Dear guests. How Ukrainians who fled the war work for the Polish economy

July 12, 2022

Over a million Ukrainians hiding from the war found refuge in Poland. There they received unprecedented support from the local authorities and population, and paid back in their own coin. Experts call "phenomenal" and "unbelievable" the Ukrainian ability settle down in a new place and immediately get down to work. "Mostly women with children have left, but mainly of the middle class, they are young, ambitious, many of them had their own businesses," says Olga Pyshchulina, a social and gender expert from Razumkov Centre.

"Children went to school, they are adapting, changing their identity, entering universities and will not return to Ukraine in the near future," she adds.

Most Ukrainians declare that they will return to Ukraine as soon as the war is over and the danger disappears. The share of those who want to stay in Poland forever, according to scholars, makes about 25% of those who left.

But in the long run, if the war goes on and even more Ukrainians want to stay there permanently, such a number of young people and children will already have serious consequences for the demographic situation in Poland, with its ageing population and outflow of young people to wealthier European countries.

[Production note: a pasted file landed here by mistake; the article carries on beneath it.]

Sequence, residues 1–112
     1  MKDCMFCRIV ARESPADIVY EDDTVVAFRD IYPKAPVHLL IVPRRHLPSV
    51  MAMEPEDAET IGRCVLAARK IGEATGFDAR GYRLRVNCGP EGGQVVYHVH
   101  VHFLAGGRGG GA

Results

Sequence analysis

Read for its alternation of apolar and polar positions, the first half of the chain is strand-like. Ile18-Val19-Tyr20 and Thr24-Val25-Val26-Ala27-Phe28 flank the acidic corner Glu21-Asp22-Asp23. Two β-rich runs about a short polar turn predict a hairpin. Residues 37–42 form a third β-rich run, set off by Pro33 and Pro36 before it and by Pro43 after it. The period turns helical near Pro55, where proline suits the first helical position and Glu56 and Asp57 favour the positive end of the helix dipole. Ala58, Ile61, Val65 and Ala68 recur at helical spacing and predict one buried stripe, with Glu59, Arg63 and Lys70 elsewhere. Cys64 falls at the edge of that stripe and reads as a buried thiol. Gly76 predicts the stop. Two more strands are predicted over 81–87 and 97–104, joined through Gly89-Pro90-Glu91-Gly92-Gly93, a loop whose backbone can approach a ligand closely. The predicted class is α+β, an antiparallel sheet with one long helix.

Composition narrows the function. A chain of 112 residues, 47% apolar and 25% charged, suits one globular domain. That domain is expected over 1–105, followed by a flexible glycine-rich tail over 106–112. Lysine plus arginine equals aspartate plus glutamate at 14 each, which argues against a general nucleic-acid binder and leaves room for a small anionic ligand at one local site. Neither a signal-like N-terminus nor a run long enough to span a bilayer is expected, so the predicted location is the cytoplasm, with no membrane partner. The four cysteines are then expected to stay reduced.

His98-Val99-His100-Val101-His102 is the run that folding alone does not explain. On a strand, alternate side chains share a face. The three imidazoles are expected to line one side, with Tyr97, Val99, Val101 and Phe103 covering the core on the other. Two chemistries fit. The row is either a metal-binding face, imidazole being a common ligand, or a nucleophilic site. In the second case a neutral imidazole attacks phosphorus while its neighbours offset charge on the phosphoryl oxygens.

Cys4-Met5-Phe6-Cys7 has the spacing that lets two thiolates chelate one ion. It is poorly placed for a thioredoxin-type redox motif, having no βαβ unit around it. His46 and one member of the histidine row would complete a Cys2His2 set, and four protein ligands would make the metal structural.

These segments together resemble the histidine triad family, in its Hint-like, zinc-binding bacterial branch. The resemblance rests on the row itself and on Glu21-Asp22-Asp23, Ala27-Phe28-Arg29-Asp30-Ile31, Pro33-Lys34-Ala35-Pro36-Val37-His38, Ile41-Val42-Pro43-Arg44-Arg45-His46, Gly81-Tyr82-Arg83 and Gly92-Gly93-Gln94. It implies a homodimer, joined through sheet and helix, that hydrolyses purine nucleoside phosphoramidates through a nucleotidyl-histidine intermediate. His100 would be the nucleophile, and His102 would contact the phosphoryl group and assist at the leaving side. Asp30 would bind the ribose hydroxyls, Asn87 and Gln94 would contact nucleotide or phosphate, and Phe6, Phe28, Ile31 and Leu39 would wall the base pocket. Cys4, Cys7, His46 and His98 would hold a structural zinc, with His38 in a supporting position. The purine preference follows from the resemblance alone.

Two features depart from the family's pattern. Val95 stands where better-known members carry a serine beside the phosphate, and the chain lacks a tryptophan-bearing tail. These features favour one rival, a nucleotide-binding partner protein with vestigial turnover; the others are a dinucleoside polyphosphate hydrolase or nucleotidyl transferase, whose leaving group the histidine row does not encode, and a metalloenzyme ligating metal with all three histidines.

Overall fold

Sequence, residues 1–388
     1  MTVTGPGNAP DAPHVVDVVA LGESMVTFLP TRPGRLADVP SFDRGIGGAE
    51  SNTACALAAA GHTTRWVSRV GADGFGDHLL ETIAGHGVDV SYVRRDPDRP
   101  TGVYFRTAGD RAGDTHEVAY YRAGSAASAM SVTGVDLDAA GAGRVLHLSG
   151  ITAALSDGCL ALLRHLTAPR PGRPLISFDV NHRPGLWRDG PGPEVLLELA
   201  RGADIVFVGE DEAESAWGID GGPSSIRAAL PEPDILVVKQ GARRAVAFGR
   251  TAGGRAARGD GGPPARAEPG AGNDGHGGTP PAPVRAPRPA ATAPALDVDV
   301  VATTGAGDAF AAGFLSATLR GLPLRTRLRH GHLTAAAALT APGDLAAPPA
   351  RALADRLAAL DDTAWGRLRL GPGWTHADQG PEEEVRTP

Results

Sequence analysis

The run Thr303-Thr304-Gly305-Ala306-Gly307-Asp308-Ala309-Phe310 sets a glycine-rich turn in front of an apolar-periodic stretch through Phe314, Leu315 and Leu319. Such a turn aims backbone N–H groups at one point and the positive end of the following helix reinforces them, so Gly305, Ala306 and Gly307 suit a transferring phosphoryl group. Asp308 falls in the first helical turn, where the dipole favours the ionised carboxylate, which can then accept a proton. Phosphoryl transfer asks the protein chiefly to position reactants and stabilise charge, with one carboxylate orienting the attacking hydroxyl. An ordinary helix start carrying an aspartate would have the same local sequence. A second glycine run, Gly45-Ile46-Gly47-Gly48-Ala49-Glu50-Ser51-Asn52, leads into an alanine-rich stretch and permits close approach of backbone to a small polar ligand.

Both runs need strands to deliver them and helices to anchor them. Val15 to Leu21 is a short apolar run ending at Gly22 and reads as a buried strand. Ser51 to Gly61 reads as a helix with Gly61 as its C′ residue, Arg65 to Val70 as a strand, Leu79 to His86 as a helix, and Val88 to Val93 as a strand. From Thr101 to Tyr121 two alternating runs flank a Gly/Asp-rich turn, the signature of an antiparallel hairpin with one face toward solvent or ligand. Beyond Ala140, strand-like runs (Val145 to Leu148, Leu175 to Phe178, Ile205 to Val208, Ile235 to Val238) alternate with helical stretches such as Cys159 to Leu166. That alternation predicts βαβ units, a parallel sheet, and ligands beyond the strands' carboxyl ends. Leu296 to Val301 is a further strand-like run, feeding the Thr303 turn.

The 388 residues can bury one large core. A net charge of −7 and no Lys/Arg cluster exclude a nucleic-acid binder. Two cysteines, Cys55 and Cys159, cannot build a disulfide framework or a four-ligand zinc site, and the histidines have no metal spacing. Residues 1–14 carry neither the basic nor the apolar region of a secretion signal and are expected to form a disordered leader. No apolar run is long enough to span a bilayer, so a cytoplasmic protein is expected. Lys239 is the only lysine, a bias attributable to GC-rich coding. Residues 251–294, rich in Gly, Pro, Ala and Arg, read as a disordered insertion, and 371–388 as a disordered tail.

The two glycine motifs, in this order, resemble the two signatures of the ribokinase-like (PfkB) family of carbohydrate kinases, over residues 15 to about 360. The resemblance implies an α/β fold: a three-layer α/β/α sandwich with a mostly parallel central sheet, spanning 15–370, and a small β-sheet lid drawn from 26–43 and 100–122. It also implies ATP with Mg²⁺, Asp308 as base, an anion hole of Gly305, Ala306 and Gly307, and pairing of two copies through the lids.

"Even in the short term, ambitious young people who stay there will definitely give a boost to the Polish economy," adds Pyschulina.


Olga Pyshchulina

Leading Expert, Social and Gender Programmes

Born in 1966 in Kharkiv


School of Economics at the Kharkiv State (National) University (Kharkiv, Ukraine) (1989)

Summer Course on Human Rights, School of Human Rights Research, Faculty of Law, Utrecht University, The Netherlands (2001)

PhD in sociology (Candidate of Social Science) (1997), Honorable Economics of Ukraine (2012). I am an author more than 90 publishing and a Civil Servant of 3rd rank

Research Interests:

Structural deformation of the economic and social policy; Main problems with the national models of social policy implementation; The issue of income polarization; Ineffectiveness of state transfer policy; Failure of pension reform in Ukraine; Social protection programmers in Ukraine; Regulations of labour market; Gender issues

Experience as a civil servant in the Government’s employ:

Civil Servant of 3d rank. Total experience 12 years. The Head of Social Policy Department (since 2010), Principal Consultant of the Civil Society and Social Relationships Department (since 2003) National Institute for Strategic Studies

Experience as a Research Fellow:

Senior Researcher (1995–2001) , Researcher (1989–1995) School of Sociology, Karazin Kharkiv National University, School of Sociology (1997–2003)

Teaching Experience:

Associate Professor, School of Sociology, Karazin Kharkiv National University, School of Sociology (1997–2003)

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